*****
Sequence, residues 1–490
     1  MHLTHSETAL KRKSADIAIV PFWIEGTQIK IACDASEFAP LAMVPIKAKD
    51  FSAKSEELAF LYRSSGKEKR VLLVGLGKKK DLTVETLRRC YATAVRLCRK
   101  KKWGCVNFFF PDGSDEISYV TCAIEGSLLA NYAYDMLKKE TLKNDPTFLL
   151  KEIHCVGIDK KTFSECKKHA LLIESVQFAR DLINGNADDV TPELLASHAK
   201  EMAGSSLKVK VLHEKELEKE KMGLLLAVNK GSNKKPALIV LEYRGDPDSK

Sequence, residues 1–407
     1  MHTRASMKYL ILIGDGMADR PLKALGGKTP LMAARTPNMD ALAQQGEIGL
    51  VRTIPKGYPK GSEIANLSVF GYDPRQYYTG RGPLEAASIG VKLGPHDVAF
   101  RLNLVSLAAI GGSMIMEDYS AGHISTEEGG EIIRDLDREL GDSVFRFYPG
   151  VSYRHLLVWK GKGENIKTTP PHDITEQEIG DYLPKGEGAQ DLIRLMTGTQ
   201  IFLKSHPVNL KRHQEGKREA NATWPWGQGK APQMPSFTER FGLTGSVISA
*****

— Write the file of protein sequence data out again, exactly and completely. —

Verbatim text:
Sequence, residues 1–490
     1  MHLTHSETAL KRKSADIAIV PFWIEGTQIK IACDASEFAP LAMVPIKAKD
    51  FSAKSEELAF LYRSSGKEKR VLLVGLGKKK DLTVETLRRC YATAVRLCRK
   101  KKWGCVNFFF PDGSDEISYV TCAIEGSLLA NYAYDMLKKE TLKNDPTFLL
   151  KEIHCVGIDK KTFSECKKHA LLIESVQFAR DLINGNADDV TPELLASHAK
   201  EMAGSSLKVK VLHEKELEKE KMGLLLAVNK GSNKKPALIV LEYRGDPDSK

Sequence, residues 1–407
     1  MHTRASMKYL ILIGDGMADR PLKALGGKTP LMAARTPNMD ALAQQGEIGL
    51  VRTIPKGYPK GSEIANLSVF GYDPRQYYTG RGPLEAASIG VKLGPHDVAF
   101  RLNLVSLAAI GGSMIMEDYS AGHISTEEGG EIIRDLDREL GDSVFRFYPG
   151  VSYRHLLVWK GKGENIKTTP PHDITEQEIG DYLPKGEGAQ DLIRLMTGTQ
   201  IFLKSHPVNL KRHQEGKREA NATWPWGQGK APQMPSFTER FGLTGSVISA